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Tuesday, September 22, 2009

Our 'temporal profile' is part of who we are

Each piece of this tapestry is a part of one
beautiful whole - just as it should be.
(CC) indichick7,
Thinking more on the topic of mortality, I had an idea I thought I'd share. Einstein taught us that time is a dimension, like height, width, and depth. We can (try to) envision the time-space continuum as a tapestry. If we look at time like one looked at all the other dimensions, events paint a picture (consider timelines or graphs where one axis represents time).

We are taught that we should learn to love ourselves, accept who we are, how we look, and so on. Surely, self improvement is a good thing to work on, but ultimately it is healthy for us to accept who we are and come to terms with it. Well, one of the "ways we are" includes what could be called our "temporal profile". That's a fancy term for how long we live. If we graph out our existence in that grand tapestry of the universe, we have height, width, personality, looks, and a lot of various features that interact with the forms around us. One of those is our longevity.

Some people are short and some are tall, some are dark and some light, some have large green eyes and some have small blue eyes. And - some have a long lifespan and some a shorter one. Just as we might strive to become more physically fit, or to groom our hair, we also strive to extend our life. However, ultimately we have a place in the tapestry - we are one of those little shapes in that four-dimensional time-space construct (see the picture of the tapestry) and it is "just right". It fits alongside all the others and we must have some degree of acceptance, and even appreciation for our place in the tapestry. If any one of those shapes "had its way" it might prefer to be the whole picture, expanding to consume everything around it. But that way lies stagnation and the crushing of variation, diversity, and beauty itself - a death much broader and deeper than our own individual mortality.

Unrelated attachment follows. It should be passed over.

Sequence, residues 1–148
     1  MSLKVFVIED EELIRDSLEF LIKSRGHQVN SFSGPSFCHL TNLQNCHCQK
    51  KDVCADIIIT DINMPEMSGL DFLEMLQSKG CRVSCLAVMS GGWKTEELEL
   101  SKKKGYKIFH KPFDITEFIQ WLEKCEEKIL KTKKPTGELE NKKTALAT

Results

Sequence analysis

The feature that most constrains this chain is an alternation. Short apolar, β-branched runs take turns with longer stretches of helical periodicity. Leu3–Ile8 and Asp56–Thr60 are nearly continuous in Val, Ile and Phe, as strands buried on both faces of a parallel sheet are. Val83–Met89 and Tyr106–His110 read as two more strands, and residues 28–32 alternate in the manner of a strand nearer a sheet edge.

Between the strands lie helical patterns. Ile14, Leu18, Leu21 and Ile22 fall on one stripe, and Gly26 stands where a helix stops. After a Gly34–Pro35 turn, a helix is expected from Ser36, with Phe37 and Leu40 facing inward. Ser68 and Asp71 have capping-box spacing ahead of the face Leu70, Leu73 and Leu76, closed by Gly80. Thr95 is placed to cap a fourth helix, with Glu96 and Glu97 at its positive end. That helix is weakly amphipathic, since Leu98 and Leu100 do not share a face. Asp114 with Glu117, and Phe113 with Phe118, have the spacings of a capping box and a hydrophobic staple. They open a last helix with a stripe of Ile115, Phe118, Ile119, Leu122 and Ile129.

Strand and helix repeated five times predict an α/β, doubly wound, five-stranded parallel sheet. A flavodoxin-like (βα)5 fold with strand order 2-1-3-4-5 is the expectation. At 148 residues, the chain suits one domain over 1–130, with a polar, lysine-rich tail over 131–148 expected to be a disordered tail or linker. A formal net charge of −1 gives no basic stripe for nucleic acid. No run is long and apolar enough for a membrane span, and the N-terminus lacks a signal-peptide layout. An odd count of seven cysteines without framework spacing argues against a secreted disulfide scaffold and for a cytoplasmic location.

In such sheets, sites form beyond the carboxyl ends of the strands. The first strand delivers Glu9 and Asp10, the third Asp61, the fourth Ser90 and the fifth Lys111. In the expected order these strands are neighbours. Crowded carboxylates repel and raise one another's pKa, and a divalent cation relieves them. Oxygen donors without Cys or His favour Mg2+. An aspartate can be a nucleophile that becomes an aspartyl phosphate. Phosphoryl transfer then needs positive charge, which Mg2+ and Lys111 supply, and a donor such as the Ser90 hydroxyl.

So, the concept I wanted to share was that our lifespan could be viewed like our weight, our looks, our personality, and so on - something we healthily accept as a part of who we are, even as we work within reason to improve it.

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